A spokesman for the Cambodian government asked opposition leader Sam Rainsy on Tuesday to seek a “compromise” with Prime Minister Hun Sen after the exiled politician vowed to return home and the police threatened to arrest and jail him on arrival.
Council of Ministers spokesman Phay Siphan urged Sam Rainsy to write to Hun Sen, in an indication that a political compromise could be worked out before the July 28 elections.
“Sam Rainsy must write a letter to Samdech Hun Sen asking for a compromise,” Phay Siphan told RFA’s Khmer Service, using an honorific term for the prime minister who has ruled Cambodia since 1985 and is widely expected to win the upcoming elections.
He said that since Sam Rainsy had left the country in 2009 to live in exile in France of his own accord, it was incumbent upon him to offer a political solution.
“Sam Rainsy decided to leave the country, and Sam Rainsy himself must decide whether to go back and decide to seek a compromise for a political solution,” Phay Siphan said.
It is believed to be the first time a Cambodian government official is seen to be proposing a compromise over Sam Rainsy's return.
The charismatic president of the Cambodia National Rescue Party, the main opposition party, said on Sunday that he would return home despite the risk of being jailed for convictions that many feel were politically motivated.
Sam Rainsy said that by returning home, he could “test” the democratic process in his country and draw international attention to the elections to ensure they are “free and fair.”
He said he made up his mind to return after Hun Sen's administration excluded him from the electoral process and after his appeal for a royal pardon from King Norodom Sihamoni was not considered.
A day later, Cambodia’s Ministry of the Interior immediately issued a statement saying that the authorities would arrest the opposition leader if he enters the country.
“In case Sam Rainsy returns to the country, the National Police Commission has no choice but to implement the court warrant,” a ministry statement read.
Sam Rainsy, 64, a former lawmaker, was convicted and ordered jailed in 2009 for the removal of a temporary post demarcating Cambodia’s border with Vietnam.
Together with other convictions he said were part of a campaign of political persecution, he faces up to 11 years in prison.
Sam Rainsy said Tuesday that he would welcome any negotiations with Hun Sen’s government.
“I hope that there will be a negotiation … to resolve the issue among Khmers,” he said.
He said he will not resist arrest when he returns home and urged his supporters not to protest if he is jailed.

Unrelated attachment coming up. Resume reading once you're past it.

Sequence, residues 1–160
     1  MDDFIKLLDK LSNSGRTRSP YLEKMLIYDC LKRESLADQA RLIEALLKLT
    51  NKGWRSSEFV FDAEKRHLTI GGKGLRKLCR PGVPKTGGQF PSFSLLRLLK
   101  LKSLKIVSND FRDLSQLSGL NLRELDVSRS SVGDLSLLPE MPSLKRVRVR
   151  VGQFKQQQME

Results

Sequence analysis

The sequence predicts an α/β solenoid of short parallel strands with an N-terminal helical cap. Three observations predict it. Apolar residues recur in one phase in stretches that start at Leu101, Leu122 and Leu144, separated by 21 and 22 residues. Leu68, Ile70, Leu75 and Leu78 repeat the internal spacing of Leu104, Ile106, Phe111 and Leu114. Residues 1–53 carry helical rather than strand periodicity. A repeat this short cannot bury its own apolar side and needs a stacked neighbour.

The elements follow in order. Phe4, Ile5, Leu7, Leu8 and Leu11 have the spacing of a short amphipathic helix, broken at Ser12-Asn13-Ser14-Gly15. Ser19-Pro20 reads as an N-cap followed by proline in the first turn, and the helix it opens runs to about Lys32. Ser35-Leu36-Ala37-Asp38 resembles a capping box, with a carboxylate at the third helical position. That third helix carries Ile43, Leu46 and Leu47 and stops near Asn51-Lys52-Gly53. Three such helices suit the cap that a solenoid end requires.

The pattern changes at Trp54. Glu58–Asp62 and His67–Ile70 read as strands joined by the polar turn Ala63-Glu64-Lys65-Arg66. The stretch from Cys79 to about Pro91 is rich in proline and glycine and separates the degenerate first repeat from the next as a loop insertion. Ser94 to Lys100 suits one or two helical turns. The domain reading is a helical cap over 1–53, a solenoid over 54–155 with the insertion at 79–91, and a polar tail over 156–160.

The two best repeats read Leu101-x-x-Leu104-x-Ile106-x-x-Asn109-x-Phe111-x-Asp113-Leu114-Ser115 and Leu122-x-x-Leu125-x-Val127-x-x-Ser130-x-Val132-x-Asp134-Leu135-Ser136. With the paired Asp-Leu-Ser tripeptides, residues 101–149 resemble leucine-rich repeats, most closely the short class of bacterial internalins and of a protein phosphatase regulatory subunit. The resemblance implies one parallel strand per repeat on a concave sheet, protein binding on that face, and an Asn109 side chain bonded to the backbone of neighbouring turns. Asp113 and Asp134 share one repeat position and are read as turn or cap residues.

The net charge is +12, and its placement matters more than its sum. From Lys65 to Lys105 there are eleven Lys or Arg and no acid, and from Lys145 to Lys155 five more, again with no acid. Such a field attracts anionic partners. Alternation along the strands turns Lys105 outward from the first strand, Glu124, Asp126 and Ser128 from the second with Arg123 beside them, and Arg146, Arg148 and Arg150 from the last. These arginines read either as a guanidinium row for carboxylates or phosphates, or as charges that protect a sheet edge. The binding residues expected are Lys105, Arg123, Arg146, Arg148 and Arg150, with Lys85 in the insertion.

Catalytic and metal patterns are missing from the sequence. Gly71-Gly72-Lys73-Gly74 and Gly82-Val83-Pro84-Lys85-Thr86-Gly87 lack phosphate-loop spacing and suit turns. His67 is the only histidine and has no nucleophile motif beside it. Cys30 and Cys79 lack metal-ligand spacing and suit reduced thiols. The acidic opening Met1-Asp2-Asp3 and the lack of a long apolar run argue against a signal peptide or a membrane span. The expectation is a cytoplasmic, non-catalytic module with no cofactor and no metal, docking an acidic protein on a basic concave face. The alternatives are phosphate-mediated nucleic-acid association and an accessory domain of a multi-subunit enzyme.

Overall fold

“The authorities will have no need to arrest me; they can just let me know where they want to detain me, and I will go,” Sam Rainsy told RFA.
International observers have viewed the longtime opposition parliamentarian’s participation in the election as a key test of the credibility of the vote.
Meanwhile, the United States, commenting on Sam Rainsy’s plan to return, urged the Cambodian government to allow him back “without fear for his personal safety or incarceration” and to take steps to hold “credible” polls.
“Free and fair elections require a level playing field, including the unfettered participation of opposition parties and voters and respect for human rights.” State Department spokeswoman Jen Psaki said in a statement.
“We urge the Cambodian government to take necessary steps to hold transparent and credible elections, including ensuring equal media access for all parties, improving the voter registration list, and implementing the recommendations of the U.N. Special Rapporteur for Human Rights in Cambodia.”
The U.N. expert had called for sweeping electoral reforms which were largely dismissed by the government.
Some U.S. lawmakers have also called on U.S. President Barack Obama’s administration to cut off aid to Cambodia if the election is not free and fair.
At a hearing at the House of Representatives Tuesday, Representative Steve Chabot urged the Obama administration not to recognize the Cambodian vote as legitimate if U.N. recommendations are ignored and “opposition leaders are excluded from the election.”
Chabot, who heads the House Foreign Affairs Committee’s Asia Pacific panel which held the hearing, said the CPP had undertaken a “long list” of “intimidating and repressive actions” in the run-up to the vote.
“It also refuses to allow opposition leader Sam Rainsy from running in the upcoming election, has made death threats to human rights activists and organizations, and inhibits other opposition parties from running effective campaigns,” he said.
Reported by RFA’s Khmer Service. Translated by Samean Yun. Written in English by Rachel Vandenbrink.